As improbable as it might seem now, Donnie Tyndall aspired to be a professional basketball player. That dream, born as a fourth-grader scoring a basket for the first time and hearing fans cheer, died a painful death as a senior at Morehead State.
The late Dick Fick, then in his second season as the Eagles' coach in 1992-93, did not allow Tyndall to dress for practice. Fick did not like that a student-teaching requirement meant that Tyndall would arrive about 15 minutes late each day.
So Tyndall, one of the few holdover players from the previous coaching regime, had to sit in the bleachers or along the sideline and watch his teammates practice. Day after day.
"His way of trying to get me to quit," Tyndall recalled Tuesday. "But I never quit anything in my life."
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Chuck Mraz, who has called Morehead State games on the radio for 25 years, laughed as he recalled Tyndall's stubborn refusal to go away.
"Fick basically wanted to run him off the team," said Mraz (pronounced Mah-roz). "But he wouldn't go. He just wouldn't leave."
Tyndall sort of acknowledged that he considered quitting, although he avoided directly saying so.
"It was so frustrating," he said. "No matter what type of relationship you're in, whether it's as a student-athlete or boyfriend-girlfriend or a marriage, if you don't feel wanted and you don't feel you have any value, it's certainly hard to go in there and keep punching the clock.
"To this day, to this day, I've never really gotten over that," Tyndall added a few minutes later. "Not from the standpoint that I didn't think I'd be a pro player any longer. I didn't.
"Just the fact, in my humble opinion, that's not how you handle young people."
Of course, there's a happy ending. Tyndall, a self-described "very passionate and driven person," re-imagined his dream. If not a pro player, he'd be a basketball coach. He stayed at Morehead State and absorbed what he could. Fick relented and let Tyndall dress for practice and games after the fall semester.
Tyndall returned to Morehead State as head coach in 2006. Inheriting a team that won only four games the previous season, he brought about a renaissance of Morehead State basketball. The Eagles won two Ohio Valley Conference Tournament titles, thus advancing to two NCAA tournaments in his six seasons. Most memorably, his 2011 team upset Louisville.
After two highly successful seasons at Southern Miss (56-17 record, 25-7 in Conference USA), Tyndall was hired by Tennessee this spring.
When asked Monday about how the coaching success at Morehead State might help him at Tennessee, Tyndall said, "The biggest thing is the grit and determination. The willingness to put in long hours and work hard is not going to change."
Anyone thinking Tyndall is over his head at Tennessee might want to consider his history. Growing up in Grand Rapids, Mich., Tyndall was written off as a Division I prospect. So he went to junior college, then accepted a scholarship offer from Morehead State, the only one he received.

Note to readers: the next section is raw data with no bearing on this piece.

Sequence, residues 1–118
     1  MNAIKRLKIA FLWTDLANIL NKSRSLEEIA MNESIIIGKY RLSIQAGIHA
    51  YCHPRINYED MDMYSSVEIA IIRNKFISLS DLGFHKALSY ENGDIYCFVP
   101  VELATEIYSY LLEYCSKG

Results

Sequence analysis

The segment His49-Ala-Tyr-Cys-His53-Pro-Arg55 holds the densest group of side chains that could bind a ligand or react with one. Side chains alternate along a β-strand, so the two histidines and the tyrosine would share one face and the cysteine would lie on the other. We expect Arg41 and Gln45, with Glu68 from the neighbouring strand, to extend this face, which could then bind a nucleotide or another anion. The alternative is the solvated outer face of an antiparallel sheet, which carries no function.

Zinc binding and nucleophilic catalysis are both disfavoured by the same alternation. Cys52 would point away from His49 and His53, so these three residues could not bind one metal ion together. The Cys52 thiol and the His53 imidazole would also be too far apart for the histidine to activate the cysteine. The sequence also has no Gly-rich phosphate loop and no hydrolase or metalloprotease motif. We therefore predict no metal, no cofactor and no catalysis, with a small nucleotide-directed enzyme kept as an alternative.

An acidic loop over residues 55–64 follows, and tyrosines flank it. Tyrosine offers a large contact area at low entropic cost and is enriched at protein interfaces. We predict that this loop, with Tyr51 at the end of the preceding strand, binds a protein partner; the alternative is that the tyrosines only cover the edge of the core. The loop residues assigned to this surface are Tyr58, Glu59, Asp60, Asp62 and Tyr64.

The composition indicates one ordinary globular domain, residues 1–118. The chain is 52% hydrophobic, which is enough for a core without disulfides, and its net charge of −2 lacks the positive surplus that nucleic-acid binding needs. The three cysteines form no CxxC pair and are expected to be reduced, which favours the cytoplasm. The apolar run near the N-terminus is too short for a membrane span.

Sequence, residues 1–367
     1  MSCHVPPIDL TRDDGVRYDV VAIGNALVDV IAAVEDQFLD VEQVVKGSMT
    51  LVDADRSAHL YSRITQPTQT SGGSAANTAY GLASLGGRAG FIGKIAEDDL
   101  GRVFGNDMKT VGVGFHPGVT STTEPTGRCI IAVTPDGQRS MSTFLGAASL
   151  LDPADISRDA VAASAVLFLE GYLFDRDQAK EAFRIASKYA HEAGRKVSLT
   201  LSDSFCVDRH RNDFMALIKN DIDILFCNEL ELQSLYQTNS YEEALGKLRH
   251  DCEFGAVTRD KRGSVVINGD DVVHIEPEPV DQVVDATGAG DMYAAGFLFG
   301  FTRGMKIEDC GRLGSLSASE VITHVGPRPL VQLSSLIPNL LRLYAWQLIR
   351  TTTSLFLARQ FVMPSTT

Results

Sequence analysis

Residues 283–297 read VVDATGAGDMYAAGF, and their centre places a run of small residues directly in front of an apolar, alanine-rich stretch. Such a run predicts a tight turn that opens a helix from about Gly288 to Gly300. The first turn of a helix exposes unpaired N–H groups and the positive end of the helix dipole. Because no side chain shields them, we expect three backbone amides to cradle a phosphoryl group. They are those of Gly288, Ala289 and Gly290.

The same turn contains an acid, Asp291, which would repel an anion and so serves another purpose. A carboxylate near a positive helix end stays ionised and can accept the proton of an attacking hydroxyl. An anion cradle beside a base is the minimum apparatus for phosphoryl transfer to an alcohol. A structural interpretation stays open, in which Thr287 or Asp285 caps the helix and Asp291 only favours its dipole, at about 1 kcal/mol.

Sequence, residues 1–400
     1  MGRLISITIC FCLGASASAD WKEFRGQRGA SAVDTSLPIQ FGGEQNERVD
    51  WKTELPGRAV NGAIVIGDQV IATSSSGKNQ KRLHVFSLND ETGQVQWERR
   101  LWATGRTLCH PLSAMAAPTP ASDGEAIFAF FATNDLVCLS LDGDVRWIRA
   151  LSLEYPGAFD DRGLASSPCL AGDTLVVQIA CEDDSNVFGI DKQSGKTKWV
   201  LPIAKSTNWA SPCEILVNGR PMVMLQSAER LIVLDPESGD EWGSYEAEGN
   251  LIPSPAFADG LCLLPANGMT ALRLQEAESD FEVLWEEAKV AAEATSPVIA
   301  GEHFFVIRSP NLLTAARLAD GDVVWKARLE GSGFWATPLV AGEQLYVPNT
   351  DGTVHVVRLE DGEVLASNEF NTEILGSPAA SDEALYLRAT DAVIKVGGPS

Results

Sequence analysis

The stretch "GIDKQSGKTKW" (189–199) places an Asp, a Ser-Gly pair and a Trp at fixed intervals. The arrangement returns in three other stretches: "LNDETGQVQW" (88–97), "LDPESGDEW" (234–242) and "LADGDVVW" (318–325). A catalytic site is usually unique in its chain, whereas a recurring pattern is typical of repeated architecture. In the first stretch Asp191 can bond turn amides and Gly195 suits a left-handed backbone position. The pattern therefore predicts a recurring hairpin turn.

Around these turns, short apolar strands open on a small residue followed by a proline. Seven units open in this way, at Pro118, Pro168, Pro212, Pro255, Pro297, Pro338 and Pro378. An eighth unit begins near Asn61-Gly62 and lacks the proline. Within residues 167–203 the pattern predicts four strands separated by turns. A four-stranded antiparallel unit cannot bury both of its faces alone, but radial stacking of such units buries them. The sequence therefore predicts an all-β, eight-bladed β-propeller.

Then few thought he'd ever be a productive college player. Only scoring 66 points in two seasons with the Eagles wasn't much, but he had a game to relish: a team-high five assists in Morehead State's closer-than-the-final-score-suggests 101-84 loss to Kentucky in Freedom Hall on Dec. 12, 1991.
The return to Morehead State in 2006 was more of the same. "Nobody can win there, it can't be done," he said of the prevailing view. "I've always been one of those guys. I wanted to prove to people you can do the impossible."
As coaching transitions go, Tennessee's Cuonzo Martin-to-Tyndall has seen the typical coming and going of players. Two freshmen from last season transferred. The four-player recruiting class signed by Martin also decided to go elsewhere.
"I know some of our fans and maybe some of our administrators were a little bit panicky," Tyndall said. "I just said, let's just stay the course. We'll get some guys. This will shake out."
Tyndall signed eight new players, the largest class in Tennessee history: two fifth-year college seniors, two junior college players and four high school seniors.
"We're certainly going to be the least experienced team in the SEC, maybe the least experienced team in all of college basketball," Tyndall said on a league teleconference Monday.
No doubt, it helped that Tyndall's first team at Southern Miss joined Lipscomb and Mississippi State as having the fewest collective seasons of Division I experience: six seasons.
Southern Miss finished 27-10, which included a program high 12 victories in Conference USA. His second team had a 29-7 record, 13-3 in the league.
Tyndall quickly noted that such immediate success might not happen at Tennessee.
But, he said, "I'm confident in saying we've put some pieces together and I do think we have the chance to be competitive."
All the while, the lingering presence of Bruce Pearl hovers over Tennessee basketball. In Pearl's six seasons as coach, the Vols went to the NCAA Tournament every year, advancing to the Elite Eight in 2010. Better still, Pearl excited fans and made Tennessee basketball fun.
Although NCAA justice forced Pearl and Tennessee to part ways after the 2010-11 season, he remains a presence. Even being hired by Auburn this season failed to kill Pearl's popularity in Big Orange Country.
When asked about Pearl's presence, Tyndall said, "Well, it's certainly still there. I'm not an insecure person. That doesn't bother me. I bragged on Coach Pearl publicly and will continue to do so. And I mean it.
"Coach Pearl is a charismatic guy and has a very dynamic personality. So people were enamored with him, and rightfully so. People talk about him all the time. 'Bruce did this' and 'Bruce said that.'
"They love Coach Pearl. I understand. And maybe someday they'll be saying that about my staff and me."